The book Writing a Killer Thriller by Jodie Renner has a ton of useful information for writers. I’m in chapter 5 today, entitled Every Scene Needs Conflict and a Change. If there’s nothing happening in your scene, if everything is nice and happy, your reader will be bored and reach for the TV remote. That can’t happen. So spice up every scene with tension and intrigue.
James Scott Bell, in his book Revision and Self-Editing, says, “Every scene in your novel should have tension, whether that comes from outright conflict or the inner turmoil of character emotions… You create outer tension by giving the POV character a scene objective. What does he want, and why? It has to matter to him, or it won’t to us [the reader].”
Simple enough: toss obstacles in the path of the hero and watch him try to get through it. Those obstacles could be other people (like the villain, or the hero’s mom, or the hero’s best friend…), difficult circumstances, the weather, even his own inner conflicts. Renner says, “Even in quieter scenes, it’s important to show the inner tension of your viewpoint character–worry, concern, irritability, anxiety, doubt, indecision. Also show the tension of other characters by their words, actions, tone of voice, facial expressions, and body language.”
Hallie Ephron, in her book The Everything Guide to Writing Your First Novel, says, “In every scene, something has to change. This means that something has to happen that changes the situation, or a character’s perception of it, and that change propels the story forward.” Maybe your character emerges from the scene with a different perspective on their situation. Maybe his emotional state is changed. Maybe his relationship to his wife has altered. Usually, this change is for the worse. This change should also help the character grow, usually by learning from his failure.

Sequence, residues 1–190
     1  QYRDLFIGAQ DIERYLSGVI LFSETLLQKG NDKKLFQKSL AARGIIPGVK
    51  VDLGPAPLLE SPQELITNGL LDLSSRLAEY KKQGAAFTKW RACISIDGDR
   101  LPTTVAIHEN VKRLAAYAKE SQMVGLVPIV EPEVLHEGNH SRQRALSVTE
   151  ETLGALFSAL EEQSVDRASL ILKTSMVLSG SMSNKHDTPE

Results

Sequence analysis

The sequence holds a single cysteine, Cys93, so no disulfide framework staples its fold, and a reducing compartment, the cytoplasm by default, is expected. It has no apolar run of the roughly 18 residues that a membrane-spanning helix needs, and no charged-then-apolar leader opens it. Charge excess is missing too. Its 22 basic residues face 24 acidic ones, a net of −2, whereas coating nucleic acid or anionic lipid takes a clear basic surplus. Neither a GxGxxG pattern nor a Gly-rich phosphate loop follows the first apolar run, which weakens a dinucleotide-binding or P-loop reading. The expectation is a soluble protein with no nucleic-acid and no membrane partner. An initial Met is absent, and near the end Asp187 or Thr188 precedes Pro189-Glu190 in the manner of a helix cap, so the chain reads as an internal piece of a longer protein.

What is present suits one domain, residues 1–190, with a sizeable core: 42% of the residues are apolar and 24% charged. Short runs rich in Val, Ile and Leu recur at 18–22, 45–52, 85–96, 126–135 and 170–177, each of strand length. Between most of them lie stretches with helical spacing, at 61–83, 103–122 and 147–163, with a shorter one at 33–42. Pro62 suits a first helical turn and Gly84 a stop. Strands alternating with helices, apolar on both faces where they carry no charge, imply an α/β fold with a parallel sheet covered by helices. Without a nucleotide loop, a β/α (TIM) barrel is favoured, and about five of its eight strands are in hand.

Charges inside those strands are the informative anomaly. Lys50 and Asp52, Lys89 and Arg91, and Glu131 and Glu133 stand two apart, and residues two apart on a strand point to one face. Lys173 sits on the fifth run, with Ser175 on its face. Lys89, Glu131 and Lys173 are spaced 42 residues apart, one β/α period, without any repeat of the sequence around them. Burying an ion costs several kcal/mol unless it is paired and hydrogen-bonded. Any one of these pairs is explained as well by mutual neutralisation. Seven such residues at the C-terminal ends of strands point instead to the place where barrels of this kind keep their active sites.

Remember to show, not tell, within scenes, and hold something back for the reader to wonder about. If you need to use a flashback or show backstory, leave enough mystery that the reader is anxious to know more, but don’t give it yet. Hold something back. This also creates tension.
Lastly, end scenes early. Don’t let them linger, or peter out. End on a hook, something that prompts the reader to turn the page because they’re dying to know what happens next. Many times, you’ll chop a scene with a chapter break and continue in the next chapter (or the third one after that).
Go back to your work-in-progress and choose a scene near the beginning. Ask yourself: Is there conflict? Is there turmoil, either outer or inner? Does the hero want something and can’t quite get it? If you answered NO to any of these, brainstorm ways to add conflict. Think of ten different things that could go wrong. Then discard the easy ones, the cliches, the expected ones. Now choose one that’s still on the list and insert it. See if that doesn’t improve your scene and get rid of the yawns.